Argentine government asks for more Chinese credit for infrastructure work

With Argentina’s access to restrictions on foreign credit, the Government is determined to move forward in complying with the Belt and Road Initiative, a plan by which China seeks to spread its influence across all continents and secure a dominant position on the world economic stage for decades to come.

Foreign Minister Santiago Cafiero confirmed this week that the Government “has a long-term commitment to moving forward” in infrastructure projects where China has substantial funds to secure infrastructure and technology in countries it considers reliable partners to provide long-term food and food. long. the energy your economy needs.

According to the Foreign Minister, Argentina “conducted the necessary studies to adapt this agreement to the needs and structure that Argentina has,” and also to see what new financing possibilities are offered and how they are complemented by the 16 priority projects already on soft credit.

“Argentina is celebrating half a century this year since establishing diplomatic relations with China, and we want to strengthen these ties,” the head of the foreign service said in a meeting with reporters organized by the Argentine Council on International Relations (CARI).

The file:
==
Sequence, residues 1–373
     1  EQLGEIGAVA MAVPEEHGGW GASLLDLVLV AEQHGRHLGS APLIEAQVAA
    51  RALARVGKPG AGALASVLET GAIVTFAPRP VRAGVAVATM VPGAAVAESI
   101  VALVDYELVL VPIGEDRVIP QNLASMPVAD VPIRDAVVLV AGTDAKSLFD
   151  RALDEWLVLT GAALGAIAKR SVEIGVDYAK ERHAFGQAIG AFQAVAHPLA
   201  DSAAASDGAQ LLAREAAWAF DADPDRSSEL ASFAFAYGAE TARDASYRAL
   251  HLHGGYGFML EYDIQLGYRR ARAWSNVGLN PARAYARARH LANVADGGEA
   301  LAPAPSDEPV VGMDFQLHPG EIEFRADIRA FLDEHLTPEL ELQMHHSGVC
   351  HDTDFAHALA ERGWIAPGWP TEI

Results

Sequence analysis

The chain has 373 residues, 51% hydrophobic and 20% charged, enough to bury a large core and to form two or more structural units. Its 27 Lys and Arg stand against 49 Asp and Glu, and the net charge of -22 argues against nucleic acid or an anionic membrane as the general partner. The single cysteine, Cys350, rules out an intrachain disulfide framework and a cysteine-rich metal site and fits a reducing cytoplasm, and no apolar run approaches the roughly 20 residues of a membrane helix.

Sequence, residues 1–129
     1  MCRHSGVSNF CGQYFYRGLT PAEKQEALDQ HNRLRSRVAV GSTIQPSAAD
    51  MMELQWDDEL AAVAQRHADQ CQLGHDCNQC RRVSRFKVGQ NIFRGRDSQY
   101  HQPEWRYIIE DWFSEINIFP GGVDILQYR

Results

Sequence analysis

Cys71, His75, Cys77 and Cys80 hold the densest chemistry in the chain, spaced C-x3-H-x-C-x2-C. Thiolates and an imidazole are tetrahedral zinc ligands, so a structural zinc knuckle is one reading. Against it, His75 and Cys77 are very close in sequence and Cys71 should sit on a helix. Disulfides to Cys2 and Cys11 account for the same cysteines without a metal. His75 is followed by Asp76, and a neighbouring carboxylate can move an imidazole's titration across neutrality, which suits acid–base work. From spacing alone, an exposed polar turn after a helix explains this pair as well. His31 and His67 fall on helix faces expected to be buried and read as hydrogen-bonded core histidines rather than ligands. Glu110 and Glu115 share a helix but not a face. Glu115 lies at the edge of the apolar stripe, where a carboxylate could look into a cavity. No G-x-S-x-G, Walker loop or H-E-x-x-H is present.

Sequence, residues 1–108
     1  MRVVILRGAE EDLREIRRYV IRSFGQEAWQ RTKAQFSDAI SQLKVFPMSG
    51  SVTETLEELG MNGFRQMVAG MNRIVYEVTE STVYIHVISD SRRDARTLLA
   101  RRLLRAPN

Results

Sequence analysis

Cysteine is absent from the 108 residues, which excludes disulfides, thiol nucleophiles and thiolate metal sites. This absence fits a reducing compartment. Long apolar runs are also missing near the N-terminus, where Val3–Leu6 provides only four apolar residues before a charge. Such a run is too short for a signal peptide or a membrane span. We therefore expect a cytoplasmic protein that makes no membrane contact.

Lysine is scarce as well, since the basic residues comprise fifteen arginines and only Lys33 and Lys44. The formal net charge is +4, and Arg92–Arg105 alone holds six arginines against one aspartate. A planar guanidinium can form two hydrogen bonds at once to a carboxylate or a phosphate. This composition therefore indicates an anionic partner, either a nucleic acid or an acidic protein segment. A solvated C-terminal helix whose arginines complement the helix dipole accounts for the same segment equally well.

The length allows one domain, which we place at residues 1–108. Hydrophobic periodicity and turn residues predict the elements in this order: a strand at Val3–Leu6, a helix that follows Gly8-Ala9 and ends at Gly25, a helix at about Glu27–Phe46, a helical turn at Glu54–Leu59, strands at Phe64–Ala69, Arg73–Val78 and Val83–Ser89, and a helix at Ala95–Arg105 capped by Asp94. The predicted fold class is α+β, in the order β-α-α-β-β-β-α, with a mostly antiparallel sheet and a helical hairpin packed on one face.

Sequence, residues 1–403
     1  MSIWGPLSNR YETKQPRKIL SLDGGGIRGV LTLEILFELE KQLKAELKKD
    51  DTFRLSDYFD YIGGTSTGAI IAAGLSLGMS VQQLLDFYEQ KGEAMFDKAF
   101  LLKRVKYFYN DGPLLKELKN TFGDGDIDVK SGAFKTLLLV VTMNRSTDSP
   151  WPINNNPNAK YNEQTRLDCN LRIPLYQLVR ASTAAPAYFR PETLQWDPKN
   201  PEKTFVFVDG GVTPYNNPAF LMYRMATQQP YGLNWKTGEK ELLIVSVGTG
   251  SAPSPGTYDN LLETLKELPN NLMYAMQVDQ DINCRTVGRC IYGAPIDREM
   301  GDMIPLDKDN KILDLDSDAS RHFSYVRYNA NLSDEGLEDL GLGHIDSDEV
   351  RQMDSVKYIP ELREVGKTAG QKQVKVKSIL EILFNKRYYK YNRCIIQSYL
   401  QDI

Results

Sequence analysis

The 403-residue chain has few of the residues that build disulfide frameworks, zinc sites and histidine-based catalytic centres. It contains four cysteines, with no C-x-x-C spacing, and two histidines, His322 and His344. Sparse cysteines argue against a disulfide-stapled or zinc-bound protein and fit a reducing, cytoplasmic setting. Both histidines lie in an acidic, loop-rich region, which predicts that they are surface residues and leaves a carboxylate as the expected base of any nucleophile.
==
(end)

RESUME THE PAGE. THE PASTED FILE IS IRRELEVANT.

In January 2021, the president of the Asian giant, Xi Jinping, told Alberto Fernández, by letter, that his country was willing to face “closer associations and willing to fund mutually beneficial initiatives.” and supports “working with Argentina to promote high-quality cooperation.”

Delayed by the pandemic, Fernández could sign Argentina’s incorporation into the Belt and Road Initiative if he responds decisively to the invitation made to participate in person at the Winter Olympics to be held in Beijing next February. , and it has been the subject of controversy over the US decision not to send government authorities to the contest, as a form of protest against alleged human rights abuses in the Muslim region of Xinjiang.

Argentina ratified “strong support” for the Winter Olympics to be held in the city of Beijing and beyond next February, after the United States, Britain, Canada and Australia announced a boycott of the event, which China described as a “joke”.

What is special about the Anglo-Saxon diplomatic boycott is that they will not send official representatives, but their athletes will compete in the Olympics.

Matt Thompson

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